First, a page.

2022 Indy 500: What's new, and how does format work? - The Race

2022 Indy 500: What’s new, and how does format work?

May 16 2022
By Jack Benyon

Bumping is out, a new qualifying format is in. This week, one of motorsport’s most unusual events in terms of format – the Indianapolis 500 – kicks off.

The Indy 500 is full of pageantry and celebration, but it’s also condensed down from a full ‘Month of May’ of track practice to what is effectively less than a week for drivers and teams to develop a race and a qualifying set-up to be ready for the biggest race of the year.

Pato O'ward Indianapolis 500 Open Test By Joe Skibinski Largeimagewithoutwatermark M54242

The Race has enlisted 11-time Indy 500 starter, AJ Foyt Enterprises driver and IndyCar Podcast host JR Hildebrand to provide a driver’s-eye insight into how to get the most out of Indy 500 preparation.

2022 Indianapolis 500 schedule (all times local)

Tuesday May 17

Veterans’ practice 0900-1100
Rookie orientation and refreshers’ practice 1300-1500
Practice 1500-1800

Wednesday May 18

Practice 1200-1800

Thursday May 19

Practice 1200-1800

Friday May 20 (Fast Friday)

Practice 1200-1800

Saturday May 21

Practice 0900-1030
Qualifying 1200-1750

Sunday May 22

Top 12 practice – 1230-1400
Top 12 qualifying – 1600-1655
Fast Six qualifying – 1710-1740

Monday May 23

Practice 1200-1400

Friday May 27 (Carb Day)

Practice 1100-1300
Pit Stop Challenge – 1430-1600

Saturday May 28 (Legends Day)

Autograph session 0900-1000
Drivers Meeting 1030

Sunday May 29

Race – 1245

Tuesday – Thursday practice

Jr Hildebrand Indianapolis 500 Open Test By Joe Skibinski Largeimagewithoutwatermark M54301

Since the end of last year’s race, teams and manufacturers have been running simulations, doing windtunnel testing, working with the set-up of a car on a shaker rig (which simulates the bumps of a track on a stationary pad) and on the finish of the bodywork and exposed parts to make them as aerodynamic as possible.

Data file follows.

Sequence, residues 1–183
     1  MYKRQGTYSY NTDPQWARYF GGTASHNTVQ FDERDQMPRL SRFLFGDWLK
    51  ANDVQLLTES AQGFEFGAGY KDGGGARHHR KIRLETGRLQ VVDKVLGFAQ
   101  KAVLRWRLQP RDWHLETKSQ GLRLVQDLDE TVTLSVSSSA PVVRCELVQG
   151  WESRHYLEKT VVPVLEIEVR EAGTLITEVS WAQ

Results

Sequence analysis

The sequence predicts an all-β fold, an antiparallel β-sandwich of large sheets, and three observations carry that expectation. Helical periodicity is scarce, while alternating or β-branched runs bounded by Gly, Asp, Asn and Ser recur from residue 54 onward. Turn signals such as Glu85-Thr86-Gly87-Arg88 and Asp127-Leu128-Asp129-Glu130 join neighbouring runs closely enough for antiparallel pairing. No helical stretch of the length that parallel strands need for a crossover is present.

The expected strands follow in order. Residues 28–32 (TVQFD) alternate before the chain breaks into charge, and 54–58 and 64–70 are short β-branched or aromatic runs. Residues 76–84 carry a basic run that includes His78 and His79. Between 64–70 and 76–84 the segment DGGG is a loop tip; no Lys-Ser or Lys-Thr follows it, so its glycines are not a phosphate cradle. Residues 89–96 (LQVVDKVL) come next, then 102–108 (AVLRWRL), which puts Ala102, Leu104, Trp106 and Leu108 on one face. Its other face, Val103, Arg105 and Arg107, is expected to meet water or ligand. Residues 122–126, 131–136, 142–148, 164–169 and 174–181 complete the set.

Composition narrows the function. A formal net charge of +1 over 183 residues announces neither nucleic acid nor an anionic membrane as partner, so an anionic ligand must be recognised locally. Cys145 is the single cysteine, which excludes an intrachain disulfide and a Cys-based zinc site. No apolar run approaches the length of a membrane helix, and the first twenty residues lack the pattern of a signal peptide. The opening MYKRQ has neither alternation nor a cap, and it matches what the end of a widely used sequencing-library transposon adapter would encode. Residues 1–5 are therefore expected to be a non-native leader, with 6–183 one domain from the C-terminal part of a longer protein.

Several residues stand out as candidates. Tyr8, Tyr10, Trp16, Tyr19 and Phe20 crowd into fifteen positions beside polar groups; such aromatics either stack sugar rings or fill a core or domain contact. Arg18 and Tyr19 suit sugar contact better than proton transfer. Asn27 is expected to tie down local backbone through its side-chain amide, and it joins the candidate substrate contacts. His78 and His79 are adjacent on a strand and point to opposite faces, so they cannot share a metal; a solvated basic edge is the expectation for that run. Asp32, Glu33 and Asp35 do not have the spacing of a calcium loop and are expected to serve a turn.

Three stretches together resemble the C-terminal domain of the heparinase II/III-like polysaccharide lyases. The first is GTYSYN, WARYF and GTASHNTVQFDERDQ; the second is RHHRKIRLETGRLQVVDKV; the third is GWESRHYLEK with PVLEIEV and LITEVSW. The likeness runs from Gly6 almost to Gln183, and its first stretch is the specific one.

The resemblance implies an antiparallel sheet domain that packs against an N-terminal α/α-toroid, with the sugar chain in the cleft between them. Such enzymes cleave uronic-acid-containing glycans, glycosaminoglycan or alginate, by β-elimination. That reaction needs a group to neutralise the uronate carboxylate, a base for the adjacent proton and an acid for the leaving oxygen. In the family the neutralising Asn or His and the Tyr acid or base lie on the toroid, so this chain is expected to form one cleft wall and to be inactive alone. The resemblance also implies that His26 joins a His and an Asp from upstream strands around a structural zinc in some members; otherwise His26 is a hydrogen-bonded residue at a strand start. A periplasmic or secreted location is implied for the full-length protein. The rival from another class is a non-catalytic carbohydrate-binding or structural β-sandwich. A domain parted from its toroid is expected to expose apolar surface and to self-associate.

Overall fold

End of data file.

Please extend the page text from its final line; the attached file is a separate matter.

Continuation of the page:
But has any of that R&D has worked? Teams will find out in practice.

Fundamentally, Tuesday to Thursday is geared towards race prep, because Friday is spent with upgraded boost getting ready for qualifying, and then qualifying takes place immediately after.

In qualifying, cars are running alone on track, so the car needs to be set-up differently to the race car in that the race car will be running in traffic again.

That divides up as, Tuesday to Thursday plus Monday and Friday working on race set-up, and the rest on qualifying.

“The fair majority of your running as you’ll see is Tuesday through Thursday, because of the fact that the car changes so much and you’re going to have the whole day on Friday to just be focusing on qualifying, it’s just built around getting the race car as dialed-in as you can,” Hildebrand says.

“And so, you’ll see a lot of traffic running. It was my point of view from the two test days that we had just a couple of weeks ago that I felt like a lot of teams have made some progress.

“That means it’s going to be even more important to really make use of that time getting out, running in traffic, understanding really what you need from the car, and how to be at the absolute ceiling of what your capability is, because, the last few years’ races, the race goes by really fast, and it’s hard to pass.

Christian Lundgaard And Josef Newgarden Indianapolis 500 Open Test By James Black Largeimagewithoutwatermark M54328

“You’re going to need every bullet in the chamber that you can.

“So I guess that’s working sort of back to front, in terms of what you’re doing Tuesday through Thursday.

“You are building in some prep for qualifying as you’re doing that, but those days are going to be a lot of cars on track, a lot of cars collecting a lot of miles, trying to run out in big groups, run in traffic. And start refining the race car because you don’t have that much practice after qualifying to do that prep.”

Fast Friday

Felix Rosenqvist Indianapolis 500 Open Test By James Black Largeimagewithoutwatermark M54337

This one is fairly simple in the approach. The teams get an added horsepower boost for qualifying, and to simulate that they are allowed to use the same amount of boost in Friday practice, all day.

With track position so important, no team will be neglecting to work on every area necessary to have a good qualifying, and the best teams will have been running some qualifying prep ahead of Friday to get a feel for what they need in qualifying.

The biggest challenge on Fast Friday is that everybody is practicing and that presents the issue of drivers getting an unwanted tow while they are trying to simulate a lap run alone on the track in qualifying.

That’s one of the biggest challenges for teams on Fast Friday.

Also, beware that the fastest on Fast Friday isn’t a lock-in for pole. There’s usually a driver with an errant tow mucking up the order or certain teams trying not to give away their true speed heading into qualifying.